Hottak v (1) Secretary of State for Foreign and Commonweath Affairs (2) Secretary of State for Defence [2016] EWCA Civ 438

The Equality Act 2010 does not refer to its territorial scope. The Employment Rights Act 1996 (which includes protection for employees against unfair dismissal) is also silent on territorial scope (following the repeal of section 196 in 1999). Case law has since identified a number of categories of employee who are protected under the Employment Rights Act:

  • Employees who ordinarily work in Great Britain at the time of dismissal
  • Peripatetic employees who move between jurisdictions but have their base in Great Britain at the time of dismissal
  • Expatriate employees posted to another jurisdiction in order to further their British employer’s business
  • Employees who, despite not fitting into the categories above, have an “equally strong connection” with Great Britain.

(Serco Limited v Lawson (2006))

These categories are examples, and not exclusive. The question in each case is whether, on the facts, that individual has a sufficiently strong connection with Great Britain (Ravat v Halliburton Manufacturing and Services Limited (2012)).

In this case, the Court of Appeal had to consider whether Afghan nationals working for the UK Armed Forces in Afghanistan were entitled to bring claims under the Equality Act in the UK.

The case

Two Afghan nationals worked as interpreters for the UK Armed Forces in Afghanistan. From 2006 to 2009, they worked under Afghan law contracts of employment, were paid in US dollars, and were provided with identical uniforms to the British soldiers with whom they worked. Although their contracts changed after 2009 and they worked at a different base, they continued to work as military interpreters. They and their families suffered intimidation and death threats because of their work and they left their employment. One was granted asylum in the UK, and one remains in Afghanistan (and his identity is protected by an anonymity order).

Afghan nationals were entitled to benefit from the Intimidation Policy and the Redundancy Policy (together called the Afghan Scheme) which offered financial benefits and relocation opportunities (in limited circumstances, to the UK) to those who qualified (in fact, neither of the Claimants did). They argued that the similar Iraq Scheme which had applied to locally-employed Iraqi staff working for the UK Armed Forces was more generous.

The interpreters argued that they were UK government employees and that the Equality Act should apply. They sought judicial review of a ‘failure’ by the Secretaries of State to extend to them and other Afghan locally employed staff an assistance scheme like the Iraq Scheme. They alleged that this was because of their nationality and was either direct or indirect discrimination in relation to access to employee benefits or the provision of services in the exercise of a public function.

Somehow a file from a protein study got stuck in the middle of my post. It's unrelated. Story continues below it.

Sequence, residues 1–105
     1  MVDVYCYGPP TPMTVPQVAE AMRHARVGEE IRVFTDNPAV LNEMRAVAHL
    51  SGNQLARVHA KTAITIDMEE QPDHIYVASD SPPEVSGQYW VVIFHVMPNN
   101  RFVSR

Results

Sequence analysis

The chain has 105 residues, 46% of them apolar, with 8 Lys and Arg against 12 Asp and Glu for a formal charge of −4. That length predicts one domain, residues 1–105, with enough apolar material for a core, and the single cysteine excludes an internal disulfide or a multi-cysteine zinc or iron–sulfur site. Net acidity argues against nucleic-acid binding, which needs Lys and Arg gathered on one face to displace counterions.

The High Court rejected their claims, proceeding on the basis that the territorial scope of the Equality Act should be the same as that of the Employment Rights Act. The interpreters did not fall within any of the three principal Lawson categories, leaving only the fourth possibility. Whilst they had a vital role to play supporting British forces, they were locally engaged to provide local support and their only link to Great Britain was the identity of their employer, and it could not be said that they had stronger connections with Great Britain and its law than with Afghanistan. Their position was comparable to that of locally employed staff in a British embassy (as in Bryant v Foreign and Commonwealth Office (2003), where the staff were held to be outside the scope of the Employment Rights Act).

The interpreters appealed to the Court of Appeal, which dismissed the appeal.

The fact that the Equality Act is directed at outlawing discrimination and so concerns matters “going to the very essence of man’s humanity to man” does not mean its territorial scope should be looked on with greater sympathy or extended wider than that for unfair dismissal. If Parliament had intended the Equality Act to apply worldwide, it would have said so. Both the Equality Act and the Employment Rights Act are silent as to their territorial scope, and there was no warrant for reading into this “a subtly nuanced variance of legislative intention as between the two types of case”.

In this case, the mere fact that the employer was the British government was not sufficient on its own to manifest a sufficient connection with Great Britain and British employment law.

What to take away

The Court of Appeal was clear that the test for territorial jurisdiction should be the same for claims under the Equality Act and the Employment Rights Act.